Monday, April 20, 2009

The Extinction of the Cyclist

Humans are the only organism that tries to argue with evolution. We don't prevent it, but we delay and modify it through philosophy and technology.

Bicycles evolved during the first phase of development of metal transportation devices. There had been iron ships and locomotives for decades, but the idea of mass-produced transportation devices made of metal was still new. The first two wheelers, the fast-walkers, were made of wood. But the modern bicycle came in on a wave of advancing metallurgy.

The same advancing metal technology that made relatively light bicycle frames and parts possible also facilitated the development of efficient motor vehicles. The bike radically increased the cruising range of the muscle-powered human. The motor vehicle literally blew all that into the weeds. By the laws of evolution, the bicycle should have died out.

To survive, an organism needs habitat. Often --perhaps always -- it needs supporting species in its ecosystem. The bicycle survived in the industrialized world as transportation for those who could not jump on the motorized band wagon and as a tool for sport. It had been a tool for sport from the beginning. Bike race betting was a solid industry. In less developed countries the bike still provided the transportation advantages to muscle-powered humans as it had in early industrial nations.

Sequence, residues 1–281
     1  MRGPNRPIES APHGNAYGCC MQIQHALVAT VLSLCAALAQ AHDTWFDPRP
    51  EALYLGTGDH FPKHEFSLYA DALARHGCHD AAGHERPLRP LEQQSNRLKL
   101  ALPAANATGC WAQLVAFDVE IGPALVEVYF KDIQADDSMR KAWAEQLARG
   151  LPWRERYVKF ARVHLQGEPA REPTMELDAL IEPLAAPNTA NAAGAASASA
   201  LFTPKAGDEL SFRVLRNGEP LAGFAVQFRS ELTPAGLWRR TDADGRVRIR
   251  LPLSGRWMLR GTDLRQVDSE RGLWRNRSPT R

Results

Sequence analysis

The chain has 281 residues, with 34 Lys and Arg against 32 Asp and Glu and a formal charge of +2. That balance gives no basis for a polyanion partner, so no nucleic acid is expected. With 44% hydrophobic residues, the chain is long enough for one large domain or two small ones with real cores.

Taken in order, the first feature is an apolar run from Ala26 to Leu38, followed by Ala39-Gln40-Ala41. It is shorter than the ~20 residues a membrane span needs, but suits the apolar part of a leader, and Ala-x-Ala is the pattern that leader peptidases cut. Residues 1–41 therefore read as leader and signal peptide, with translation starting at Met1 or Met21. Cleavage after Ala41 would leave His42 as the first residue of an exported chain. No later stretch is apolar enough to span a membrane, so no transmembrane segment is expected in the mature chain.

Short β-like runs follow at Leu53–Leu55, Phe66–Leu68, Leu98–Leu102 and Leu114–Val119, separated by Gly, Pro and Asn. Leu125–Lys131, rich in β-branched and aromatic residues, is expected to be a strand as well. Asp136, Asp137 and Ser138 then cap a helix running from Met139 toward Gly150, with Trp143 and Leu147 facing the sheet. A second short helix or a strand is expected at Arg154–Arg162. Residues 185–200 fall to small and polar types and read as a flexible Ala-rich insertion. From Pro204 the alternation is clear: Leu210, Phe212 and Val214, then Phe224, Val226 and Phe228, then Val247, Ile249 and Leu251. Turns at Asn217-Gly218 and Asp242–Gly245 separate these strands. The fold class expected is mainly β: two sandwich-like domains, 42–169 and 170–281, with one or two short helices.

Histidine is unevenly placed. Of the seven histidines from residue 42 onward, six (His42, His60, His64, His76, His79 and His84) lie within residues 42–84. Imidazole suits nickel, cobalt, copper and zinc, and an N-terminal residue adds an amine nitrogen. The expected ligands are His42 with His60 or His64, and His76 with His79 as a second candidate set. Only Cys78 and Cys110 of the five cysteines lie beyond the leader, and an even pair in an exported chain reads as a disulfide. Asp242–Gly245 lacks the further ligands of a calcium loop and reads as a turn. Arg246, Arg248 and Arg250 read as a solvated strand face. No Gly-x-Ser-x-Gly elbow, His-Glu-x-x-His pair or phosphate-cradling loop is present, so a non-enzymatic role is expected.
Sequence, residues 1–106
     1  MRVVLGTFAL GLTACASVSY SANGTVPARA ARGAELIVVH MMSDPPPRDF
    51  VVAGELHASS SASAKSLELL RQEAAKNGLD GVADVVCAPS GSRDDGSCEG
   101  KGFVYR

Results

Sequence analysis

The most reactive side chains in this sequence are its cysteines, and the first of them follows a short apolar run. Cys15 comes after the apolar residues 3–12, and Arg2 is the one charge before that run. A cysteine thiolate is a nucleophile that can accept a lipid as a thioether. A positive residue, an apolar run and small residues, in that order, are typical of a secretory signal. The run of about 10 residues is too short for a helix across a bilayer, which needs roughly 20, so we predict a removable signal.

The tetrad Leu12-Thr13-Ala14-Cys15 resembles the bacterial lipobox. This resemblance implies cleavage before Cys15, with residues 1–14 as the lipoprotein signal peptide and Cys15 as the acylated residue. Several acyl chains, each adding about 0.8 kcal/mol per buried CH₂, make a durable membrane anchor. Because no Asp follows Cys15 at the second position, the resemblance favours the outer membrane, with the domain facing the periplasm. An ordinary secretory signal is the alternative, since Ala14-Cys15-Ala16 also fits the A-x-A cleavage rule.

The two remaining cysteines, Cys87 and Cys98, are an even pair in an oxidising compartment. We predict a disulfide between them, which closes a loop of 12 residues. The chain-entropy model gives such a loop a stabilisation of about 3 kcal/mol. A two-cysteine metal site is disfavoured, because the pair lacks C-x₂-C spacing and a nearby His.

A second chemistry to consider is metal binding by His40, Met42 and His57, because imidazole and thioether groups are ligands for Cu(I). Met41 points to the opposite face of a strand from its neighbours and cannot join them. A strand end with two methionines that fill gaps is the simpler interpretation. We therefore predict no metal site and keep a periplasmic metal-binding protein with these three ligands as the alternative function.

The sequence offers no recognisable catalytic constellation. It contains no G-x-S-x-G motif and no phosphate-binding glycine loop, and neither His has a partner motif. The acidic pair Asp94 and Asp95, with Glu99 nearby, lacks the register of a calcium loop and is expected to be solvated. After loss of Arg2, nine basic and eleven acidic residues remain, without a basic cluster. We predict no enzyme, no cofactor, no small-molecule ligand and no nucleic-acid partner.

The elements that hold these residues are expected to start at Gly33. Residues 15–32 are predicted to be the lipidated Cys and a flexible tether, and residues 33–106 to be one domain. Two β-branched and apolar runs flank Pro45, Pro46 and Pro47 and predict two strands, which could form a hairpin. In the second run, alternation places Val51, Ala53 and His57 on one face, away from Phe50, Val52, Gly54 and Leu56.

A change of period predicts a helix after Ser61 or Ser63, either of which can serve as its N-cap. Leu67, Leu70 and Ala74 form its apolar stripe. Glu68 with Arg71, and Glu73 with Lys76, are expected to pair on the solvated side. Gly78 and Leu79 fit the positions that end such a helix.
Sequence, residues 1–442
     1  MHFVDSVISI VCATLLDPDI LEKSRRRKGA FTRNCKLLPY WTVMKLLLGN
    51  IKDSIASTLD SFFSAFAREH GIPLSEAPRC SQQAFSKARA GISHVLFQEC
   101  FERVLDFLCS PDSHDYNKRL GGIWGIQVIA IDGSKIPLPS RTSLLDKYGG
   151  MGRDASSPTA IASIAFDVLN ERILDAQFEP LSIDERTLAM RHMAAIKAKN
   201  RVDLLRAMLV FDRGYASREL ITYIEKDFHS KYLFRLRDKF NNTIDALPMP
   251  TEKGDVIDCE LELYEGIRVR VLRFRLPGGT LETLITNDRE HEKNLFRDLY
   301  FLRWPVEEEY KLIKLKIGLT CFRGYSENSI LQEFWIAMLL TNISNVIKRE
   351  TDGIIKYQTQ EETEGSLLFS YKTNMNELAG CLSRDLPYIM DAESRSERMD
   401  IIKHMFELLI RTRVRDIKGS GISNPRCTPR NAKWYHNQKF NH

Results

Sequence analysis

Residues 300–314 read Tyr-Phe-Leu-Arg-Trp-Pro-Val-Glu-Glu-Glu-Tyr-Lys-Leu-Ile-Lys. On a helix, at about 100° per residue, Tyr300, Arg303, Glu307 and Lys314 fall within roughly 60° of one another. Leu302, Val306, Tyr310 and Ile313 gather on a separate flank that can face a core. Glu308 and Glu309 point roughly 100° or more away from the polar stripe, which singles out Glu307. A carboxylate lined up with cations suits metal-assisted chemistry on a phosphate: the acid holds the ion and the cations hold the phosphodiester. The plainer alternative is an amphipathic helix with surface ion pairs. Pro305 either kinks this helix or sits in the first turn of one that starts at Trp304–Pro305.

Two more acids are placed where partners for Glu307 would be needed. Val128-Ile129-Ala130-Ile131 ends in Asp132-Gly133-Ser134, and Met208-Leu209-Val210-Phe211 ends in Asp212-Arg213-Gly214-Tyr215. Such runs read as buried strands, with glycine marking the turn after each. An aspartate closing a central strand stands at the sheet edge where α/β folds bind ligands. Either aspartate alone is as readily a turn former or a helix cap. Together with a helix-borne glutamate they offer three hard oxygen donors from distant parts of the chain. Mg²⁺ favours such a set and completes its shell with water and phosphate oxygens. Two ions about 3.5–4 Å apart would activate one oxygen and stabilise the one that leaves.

As cheap bikes became more available, toy bikes became a child's first transportation tool in some industrialized nations. We were meant to love it at first for the freedom it represented, then discard it for the more advanced automobile as soon as we were old enough.

During the late 1960s the habitat for transportation cycling children began to shrink rapidly. Baby Boomers toyed with bike touring in the 1970s, obscuring the loss as we played in big-boy traffic. By the 1980s, though, the tide had turned against both child cyclists and adult road riders.

Because humans argue with evolution, bicyclists continue to ride. We demand accommodation. We acclaim each mile of rail trail, each city block of bike lane a victory for our cause. We put up Share the Road signs and call all that a plateau from which to build higher.

Evolution is about survival. Perhaps total cyclist fatalities are lower than motorist fatalities. Perhaps they are a smaller percentage of bicyclist population than the death toll of motorists is to their entire pool. But combine death toll, habitat loss and the natural trend of humans to exert less and less, and the outlook is poor.